Jack Wannan: After Ray Borg’s weight miss, I saw a lot of frustrated folks online airing their grievances. Here’s some needed context: he took a Kyoji Horiguchi fight off a card, and that truly brings out the pitchforks from some fight fans.
And while I totally get the anger from people, I just couldn’t get myself to feel that way. The news about his weight miss, then subsequent cut from Bellator, then proceeding cut from Dominance MMA, just made me feel sad. In real-time, over the course of just a few hours, we saw someone lose their job completely.
The fact that this is over weight cutting makes it all the more conflicting to me. I think a lot of us recognize that weight cutting can be incredibly unsafe, damaging maybe even an old fashioned part of the sport. If I had a genie with three wishes, one of them might be to implement a sudden, sweeping replacement to weight cutting that keeps the sport fair but even more safe (or bring a culture into the sport that discourages cutting down to unhealthy weights).
If you’re someone who is a critic of weight cutting, you might be in a tough position here. Sure, weight cutting isn’t a great thing, but it is still the duty of a fighter to make the weight they are contracted at. This is not to take blame off Borg here because this is still on him, but it’s just something that I do think about in these situations.
I’m not going to repeat what another Victor said here, but there is also something to be said about why this even came about. You can blame this on Borg, but also remember that a promoter and management team also agreed to set up this bout at flyweight.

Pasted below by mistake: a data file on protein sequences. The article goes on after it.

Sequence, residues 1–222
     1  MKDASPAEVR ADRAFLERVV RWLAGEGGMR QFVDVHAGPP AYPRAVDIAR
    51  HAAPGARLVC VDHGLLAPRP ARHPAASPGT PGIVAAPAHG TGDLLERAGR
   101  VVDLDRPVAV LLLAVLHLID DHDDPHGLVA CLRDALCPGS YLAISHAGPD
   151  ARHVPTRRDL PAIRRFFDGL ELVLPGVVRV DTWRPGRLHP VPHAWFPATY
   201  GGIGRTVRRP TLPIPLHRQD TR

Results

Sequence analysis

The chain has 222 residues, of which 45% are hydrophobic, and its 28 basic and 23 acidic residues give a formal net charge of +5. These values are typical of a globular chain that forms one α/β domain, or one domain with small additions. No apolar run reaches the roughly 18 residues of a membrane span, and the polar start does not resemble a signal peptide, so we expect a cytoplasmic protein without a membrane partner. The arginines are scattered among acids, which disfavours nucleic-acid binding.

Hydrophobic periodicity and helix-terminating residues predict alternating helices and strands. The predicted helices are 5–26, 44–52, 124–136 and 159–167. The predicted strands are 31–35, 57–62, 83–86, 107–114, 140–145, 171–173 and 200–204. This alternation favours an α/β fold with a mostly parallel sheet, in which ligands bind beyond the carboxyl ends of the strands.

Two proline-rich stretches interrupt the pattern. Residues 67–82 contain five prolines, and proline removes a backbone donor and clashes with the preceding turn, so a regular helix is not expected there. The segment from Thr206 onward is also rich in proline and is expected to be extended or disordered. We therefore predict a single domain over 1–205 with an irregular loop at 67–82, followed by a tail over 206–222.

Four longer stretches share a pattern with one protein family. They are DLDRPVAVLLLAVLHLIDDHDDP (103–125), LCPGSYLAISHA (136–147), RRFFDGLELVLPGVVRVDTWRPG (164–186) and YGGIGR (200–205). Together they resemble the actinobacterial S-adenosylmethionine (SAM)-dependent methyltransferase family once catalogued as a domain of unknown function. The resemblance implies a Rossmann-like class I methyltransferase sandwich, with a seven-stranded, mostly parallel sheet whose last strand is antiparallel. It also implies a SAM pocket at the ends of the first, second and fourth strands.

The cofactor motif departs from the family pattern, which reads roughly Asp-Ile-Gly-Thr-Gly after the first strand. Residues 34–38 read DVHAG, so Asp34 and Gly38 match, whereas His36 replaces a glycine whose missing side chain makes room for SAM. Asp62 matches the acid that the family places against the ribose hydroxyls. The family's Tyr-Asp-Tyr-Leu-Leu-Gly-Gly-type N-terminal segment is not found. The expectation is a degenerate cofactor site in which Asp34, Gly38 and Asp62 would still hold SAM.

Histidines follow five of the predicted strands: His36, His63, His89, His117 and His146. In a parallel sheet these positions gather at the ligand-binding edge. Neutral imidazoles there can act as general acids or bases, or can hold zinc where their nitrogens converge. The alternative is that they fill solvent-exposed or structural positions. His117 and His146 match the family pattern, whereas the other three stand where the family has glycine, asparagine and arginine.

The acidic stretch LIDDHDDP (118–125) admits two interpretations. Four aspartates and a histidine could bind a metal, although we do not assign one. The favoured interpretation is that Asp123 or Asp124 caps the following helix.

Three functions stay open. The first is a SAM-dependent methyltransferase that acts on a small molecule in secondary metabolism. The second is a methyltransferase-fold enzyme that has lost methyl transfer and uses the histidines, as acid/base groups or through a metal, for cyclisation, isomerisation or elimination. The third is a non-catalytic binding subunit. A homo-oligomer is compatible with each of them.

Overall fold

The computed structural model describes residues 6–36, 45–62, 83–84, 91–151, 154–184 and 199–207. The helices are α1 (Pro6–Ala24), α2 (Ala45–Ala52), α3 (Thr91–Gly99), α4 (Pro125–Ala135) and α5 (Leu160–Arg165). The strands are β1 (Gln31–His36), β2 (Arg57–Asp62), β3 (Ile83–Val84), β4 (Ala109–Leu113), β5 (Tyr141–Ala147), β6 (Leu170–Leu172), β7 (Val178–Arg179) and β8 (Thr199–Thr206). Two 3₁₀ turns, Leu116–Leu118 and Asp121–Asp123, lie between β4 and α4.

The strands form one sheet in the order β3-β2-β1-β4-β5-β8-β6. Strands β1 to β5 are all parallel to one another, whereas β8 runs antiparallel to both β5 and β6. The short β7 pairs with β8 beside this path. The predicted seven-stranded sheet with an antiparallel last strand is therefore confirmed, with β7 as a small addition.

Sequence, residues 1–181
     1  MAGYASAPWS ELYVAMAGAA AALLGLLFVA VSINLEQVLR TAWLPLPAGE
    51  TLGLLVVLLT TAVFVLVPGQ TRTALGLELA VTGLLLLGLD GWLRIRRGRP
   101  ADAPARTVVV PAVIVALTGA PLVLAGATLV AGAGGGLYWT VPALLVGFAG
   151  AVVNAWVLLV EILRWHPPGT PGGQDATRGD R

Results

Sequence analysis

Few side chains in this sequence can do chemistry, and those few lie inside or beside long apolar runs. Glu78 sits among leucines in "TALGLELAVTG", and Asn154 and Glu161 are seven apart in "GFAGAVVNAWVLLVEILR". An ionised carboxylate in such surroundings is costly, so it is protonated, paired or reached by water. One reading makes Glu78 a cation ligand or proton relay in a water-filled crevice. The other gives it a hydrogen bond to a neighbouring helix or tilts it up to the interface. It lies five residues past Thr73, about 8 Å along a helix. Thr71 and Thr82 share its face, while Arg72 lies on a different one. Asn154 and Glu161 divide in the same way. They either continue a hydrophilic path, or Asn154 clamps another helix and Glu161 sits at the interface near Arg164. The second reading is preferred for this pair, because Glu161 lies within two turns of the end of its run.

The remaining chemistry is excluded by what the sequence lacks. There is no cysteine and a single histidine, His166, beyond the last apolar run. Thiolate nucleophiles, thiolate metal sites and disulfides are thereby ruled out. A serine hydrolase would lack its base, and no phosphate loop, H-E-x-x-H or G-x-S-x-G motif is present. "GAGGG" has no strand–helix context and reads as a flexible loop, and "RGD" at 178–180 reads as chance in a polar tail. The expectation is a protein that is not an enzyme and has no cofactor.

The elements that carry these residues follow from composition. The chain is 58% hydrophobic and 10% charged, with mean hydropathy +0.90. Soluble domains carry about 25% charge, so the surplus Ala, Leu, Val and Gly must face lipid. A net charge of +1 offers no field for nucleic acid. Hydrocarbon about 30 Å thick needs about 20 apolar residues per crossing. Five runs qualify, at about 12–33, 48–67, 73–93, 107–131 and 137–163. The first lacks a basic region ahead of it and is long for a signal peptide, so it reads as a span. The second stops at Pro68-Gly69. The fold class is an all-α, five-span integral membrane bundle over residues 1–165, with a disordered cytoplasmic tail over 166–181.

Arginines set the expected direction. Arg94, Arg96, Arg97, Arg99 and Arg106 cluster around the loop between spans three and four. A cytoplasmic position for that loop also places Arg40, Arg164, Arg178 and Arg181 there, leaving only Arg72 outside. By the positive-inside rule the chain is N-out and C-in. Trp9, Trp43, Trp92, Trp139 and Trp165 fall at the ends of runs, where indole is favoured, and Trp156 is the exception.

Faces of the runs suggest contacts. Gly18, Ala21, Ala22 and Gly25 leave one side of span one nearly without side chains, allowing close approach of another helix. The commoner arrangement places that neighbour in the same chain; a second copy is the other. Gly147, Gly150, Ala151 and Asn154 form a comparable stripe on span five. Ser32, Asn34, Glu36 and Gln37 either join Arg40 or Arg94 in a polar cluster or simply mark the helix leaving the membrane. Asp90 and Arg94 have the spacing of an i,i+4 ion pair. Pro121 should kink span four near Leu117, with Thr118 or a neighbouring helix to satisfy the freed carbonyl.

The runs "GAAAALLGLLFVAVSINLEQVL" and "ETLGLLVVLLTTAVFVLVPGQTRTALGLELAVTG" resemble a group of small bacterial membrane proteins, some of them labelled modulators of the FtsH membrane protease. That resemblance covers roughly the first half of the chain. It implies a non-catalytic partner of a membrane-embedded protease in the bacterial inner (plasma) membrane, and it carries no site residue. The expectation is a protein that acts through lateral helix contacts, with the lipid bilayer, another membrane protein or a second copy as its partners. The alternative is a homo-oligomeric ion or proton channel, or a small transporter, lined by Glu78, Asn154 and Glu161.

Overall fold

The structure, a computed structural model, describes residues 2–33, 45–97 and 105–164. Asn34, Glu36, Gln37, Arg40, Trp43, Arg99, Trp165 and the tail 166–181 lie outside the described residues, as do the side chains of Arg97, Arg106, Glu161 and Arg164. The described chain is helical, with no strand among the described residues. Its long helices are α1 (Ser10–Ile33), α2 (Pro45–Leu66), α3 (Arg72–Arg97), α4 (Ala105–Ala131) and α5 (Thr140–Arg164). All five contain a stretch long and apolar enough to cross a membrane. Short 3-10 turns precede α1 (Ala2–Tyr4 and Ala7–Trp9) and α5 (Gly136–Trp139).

Borg’s situation is one that I feel bad about. His long list of fight cancellations were not all his fault. Yet, there is certainly this stigma that he is unreliable and now can’t be worked with. And while I totally understand the anger being directed toward him, I just… I don’t know.
Evan Zivin: What’s concerning to me is that, all around, it feels like Borg was done dirty by everyone.
Yes, he’s the one who agreed to face Kyoji Horiguchi at flyweight so the burden was on him to make weight, but why did Bellator offer him that fight at 125 to begin with? The man has missed weight on multiple occasions and came into the promotion looking to compete at bantamweight. He said days before the fight that he was just as confused as everyone else why they insisted on him competing at 125.
We obviously don’t know all the behind-the-scenes details or what the nature of Borg’s relationship with Dominance MMA has been like or what they did or didn’t do to help prepare him to make weight, but dropping a client so quickly and in such a public manner is plain out unprofessional. There are plenty of ways this could have been handled and they went with the one that brought the most attention to themselves while making Borg out to be irresponsible and reckless. That doesn’t sit right with me.
Remember, kids: managers are never looking out for what’s best for you.
Kristen King: When I first saw Bellator signed Ray Borg, I was happy — and I’m sure all parties involved were, too. Bellator added a one-time UFC title challenger to its roster. Borg, who has done so well in his past three appearances, was paired against a former champion in Kyoji Horiguchi for his first Bellator fight. And Dominance MMA helped one of its clients find his way to yet another premiere promotion. It was a win-win-win situation.
That was until this past Friday. Borg missed weight. Bellator cut Borg. And Dominance MMA severed ties with him. Everything went wrong, and for the reasons my colleagues have explained, there is lots of blame to go around here, so there is no point in regurgitating them. It’s just a shitty situation all around.